Police detain opposition party supporters holding placards during a court appearance of those arrested following Friday's protest march, in Harare, Zimbabwe, August 29, 2016. REUTERS/Philimon Bulawayo(reuters_tickers)
By MacDonald Dzirutwe
HARARE (Reuters) - Zimbabwe's Human Rights Commission (ZHRC) has accused the police of brutality and violating the rights of protesters when clamping down on anti-government demonstrations in the last two months.
Political tension is rising in the southern African nation, where public anger at the dire state of the economy, in particular an 80 percent jobless rate, cash shortages and delays in salaries for public workers, has spilled onto the streets.
Zimbabwe's police have a history of violence against President Robert Mugabe's opponents and last month a trauma clinic said dozens of people, including children, suffered "savage" abuse after a demonstration.
Police spokeswoman Charity Charamba declined to comment on the findings of the ZHRC, an independent body formed in 2013.
In its first statement on the protests the commission said its investigations had revealed "unbecoming and violent conduct" by police officers and urged victims to make formal complaints.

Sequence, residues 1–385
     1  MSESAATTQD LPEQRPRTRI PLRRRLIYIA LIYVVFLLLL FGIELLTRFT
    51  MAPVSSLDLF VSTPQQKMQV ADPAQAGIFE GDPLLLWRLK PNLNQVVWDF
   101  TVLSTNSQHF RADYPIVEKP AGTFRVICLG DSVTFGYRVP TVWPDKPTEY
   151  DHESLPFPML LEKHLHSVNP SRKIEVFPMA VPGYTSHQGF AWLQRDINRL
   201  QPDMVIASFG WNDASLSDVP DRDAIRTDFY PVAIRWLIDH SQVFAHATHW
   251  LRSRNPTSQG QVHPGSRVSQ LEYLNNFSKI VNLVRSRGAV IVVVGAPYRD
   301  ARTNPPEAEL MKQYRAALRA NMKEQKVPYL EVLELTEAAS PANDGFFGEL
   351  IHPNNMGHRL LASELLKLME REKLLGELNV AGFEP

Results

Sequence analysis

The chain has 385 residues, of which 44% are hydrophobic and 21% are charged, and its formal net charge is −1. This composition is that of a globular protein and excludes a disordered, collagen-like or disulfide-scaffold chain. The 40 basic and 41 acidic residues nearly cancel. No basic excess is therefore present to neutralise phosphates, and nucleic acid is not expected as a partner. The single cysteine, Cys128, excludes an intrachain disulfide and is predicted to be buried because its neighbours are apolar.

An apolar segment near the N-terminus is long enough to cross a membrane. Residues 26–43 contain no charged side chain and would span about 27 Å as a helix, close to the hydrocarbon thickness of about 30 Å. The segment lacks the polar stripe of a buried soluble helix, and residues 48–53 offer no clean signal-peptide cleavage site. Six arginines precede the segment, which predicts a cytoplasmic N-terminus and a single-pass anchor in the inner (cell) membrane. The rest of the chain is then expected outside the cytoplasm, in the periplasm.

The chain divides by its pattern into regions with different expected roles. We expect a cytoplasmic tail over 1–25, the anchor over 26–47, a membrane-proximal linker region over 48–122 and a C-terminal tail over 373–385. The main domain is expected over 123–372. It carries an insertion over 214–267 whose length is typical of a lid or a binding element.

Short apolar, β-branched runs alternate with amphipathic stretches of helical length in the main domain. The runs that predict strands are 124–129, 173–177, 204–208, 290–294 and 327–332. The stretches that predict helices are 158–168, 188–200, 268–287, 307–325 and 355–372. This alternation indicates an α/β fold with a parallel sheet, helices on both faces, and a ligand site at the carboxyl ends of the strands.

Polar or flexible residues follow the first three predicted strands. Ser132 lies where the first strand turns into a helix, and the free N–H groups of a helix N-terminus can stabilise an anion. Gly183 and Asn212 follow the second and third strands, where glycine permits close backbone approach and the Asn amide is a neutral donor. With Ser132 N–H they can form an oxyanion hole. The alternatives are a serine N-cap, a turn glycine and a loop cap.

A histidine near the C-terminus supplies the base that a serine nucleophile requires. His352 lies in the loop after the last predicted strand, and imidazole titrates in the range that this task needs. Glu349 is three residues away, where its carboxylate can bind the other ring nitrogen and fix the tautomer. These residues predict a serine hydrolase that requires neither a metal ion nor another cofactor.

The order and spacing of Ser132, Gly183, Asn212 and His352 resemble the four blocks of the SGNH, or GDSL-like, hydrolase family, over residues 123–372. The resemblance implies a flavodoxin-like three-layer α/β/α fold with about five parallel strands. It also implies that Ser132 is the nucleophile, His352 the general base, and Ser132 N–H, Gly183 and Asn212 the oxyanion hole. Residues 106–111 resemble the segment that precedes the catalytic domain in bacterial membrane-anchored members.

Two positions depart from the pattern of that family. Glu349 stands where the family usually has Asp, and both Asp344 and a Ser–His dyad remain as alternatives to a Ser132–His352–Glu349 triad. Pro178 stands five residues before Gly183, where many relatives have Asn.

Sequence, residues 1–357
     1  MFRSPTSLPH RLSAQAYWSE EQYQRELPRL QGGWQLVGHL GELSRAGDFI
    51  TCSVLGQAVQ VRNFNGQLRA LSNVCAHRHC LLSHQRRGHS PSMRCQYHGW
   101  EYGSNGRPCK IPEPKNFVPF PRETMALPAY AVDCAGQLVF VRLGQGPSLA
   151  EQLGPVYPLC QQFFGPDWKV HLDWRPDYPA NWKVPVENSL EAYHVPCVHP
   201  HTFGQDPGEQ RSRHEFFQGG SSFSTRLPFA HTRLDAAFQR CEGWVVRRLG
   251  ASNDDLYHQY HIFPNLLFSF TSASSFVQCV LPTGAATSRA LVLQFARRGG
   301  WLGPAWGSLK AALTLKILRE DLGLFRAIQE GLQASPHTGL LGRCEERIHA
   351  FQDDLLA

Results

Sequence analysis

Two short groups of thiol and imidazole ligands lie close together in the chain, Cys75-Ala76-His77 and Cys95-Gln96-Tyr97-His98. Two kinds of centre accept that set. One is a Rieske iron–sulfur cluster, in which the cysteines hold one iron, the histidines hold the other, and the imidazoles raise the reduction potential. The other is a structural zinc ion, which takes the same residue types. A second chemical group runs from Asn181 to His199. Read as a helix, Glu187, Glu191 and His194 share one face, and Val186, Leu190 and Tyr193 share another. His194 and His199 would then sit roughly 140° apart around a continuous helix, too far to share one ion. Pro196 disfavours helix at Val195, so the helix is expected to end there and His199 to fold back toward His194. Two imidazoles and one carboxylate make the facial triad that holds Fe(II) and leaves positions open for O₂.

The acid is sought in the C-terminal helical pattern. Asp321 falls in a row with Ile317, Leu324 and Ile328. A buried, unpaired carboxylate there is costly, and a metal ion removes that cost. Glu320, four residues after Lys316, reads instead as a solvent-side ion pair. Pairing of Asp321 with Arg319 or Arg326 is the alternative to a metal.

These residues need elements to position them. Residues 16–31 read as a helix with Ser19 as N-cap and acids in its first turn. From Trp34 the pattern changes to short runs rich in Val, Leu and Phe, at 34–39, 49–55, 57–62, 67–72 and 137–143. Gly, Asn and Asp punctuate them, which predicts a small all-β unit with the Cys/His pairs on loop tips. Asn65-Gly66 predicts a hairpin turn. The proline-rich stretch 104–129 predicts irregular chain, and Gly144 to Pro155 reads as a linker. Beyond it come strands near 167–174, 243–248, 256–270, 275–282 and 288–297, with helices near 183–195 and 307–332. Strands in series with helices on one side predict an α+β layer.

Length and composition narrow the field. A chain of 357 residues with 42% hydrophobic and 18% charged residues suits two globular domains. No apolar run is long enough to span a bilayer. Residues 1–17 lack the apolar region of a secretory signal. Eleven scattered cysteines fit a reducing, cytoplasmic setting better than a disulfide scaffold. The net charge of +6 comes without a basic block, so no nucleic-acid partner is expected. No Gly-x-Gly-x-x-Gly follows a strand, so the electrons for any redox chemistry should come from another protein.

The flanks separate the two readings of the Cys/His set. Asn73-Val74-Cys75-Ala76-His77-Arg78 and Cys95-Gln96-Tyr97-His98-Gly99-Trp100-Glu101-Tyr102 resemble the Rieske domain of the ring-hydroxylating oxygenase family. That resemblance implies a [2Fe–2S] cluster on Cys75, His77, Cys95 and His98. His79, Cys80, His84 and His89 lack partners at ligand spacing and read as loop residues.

"It is noted with regret that the police did violate the fundamental rights of the people as evidenced by the facts gathered on the ground," it said.
"Security concerns should not be used as an excuse to harass demonstrators and non-demonstrators. Citizens should enjoy police protection and not brutality."
The commission also said demonstrations should be peaceful, after protests on Friday descended into some of the worst violence seen in the former British colony for two decades.
Sixty-eight people have been charged with public violence at Friday's clashes. A court was due to rule on Tuesday whether they should be released from custody while they await trial.
More anti-government protests are planned for Wednesday and Friday.
Mugabe has said there would be no "Arab Spring" in Zimbabwe, referring to a wave of revolts in the Middle East and North Africa in 2011, some of which toppled governments, while others were stamped out by security forces.
Information Minister Christopher Mushohwe rejected criticism from the United States and Canada.
"Their statements last week were not only unacceptably repugnant but vainly suggested their governments play father-figure to a sovereign state, as if Zimbabwe is under some kind of joint U.S.-Canadian trusteeship," he said in a statement.
(Reporting by MacDonald Dzirutwe; Editing by Ed Cropley and Robin Pomeroy)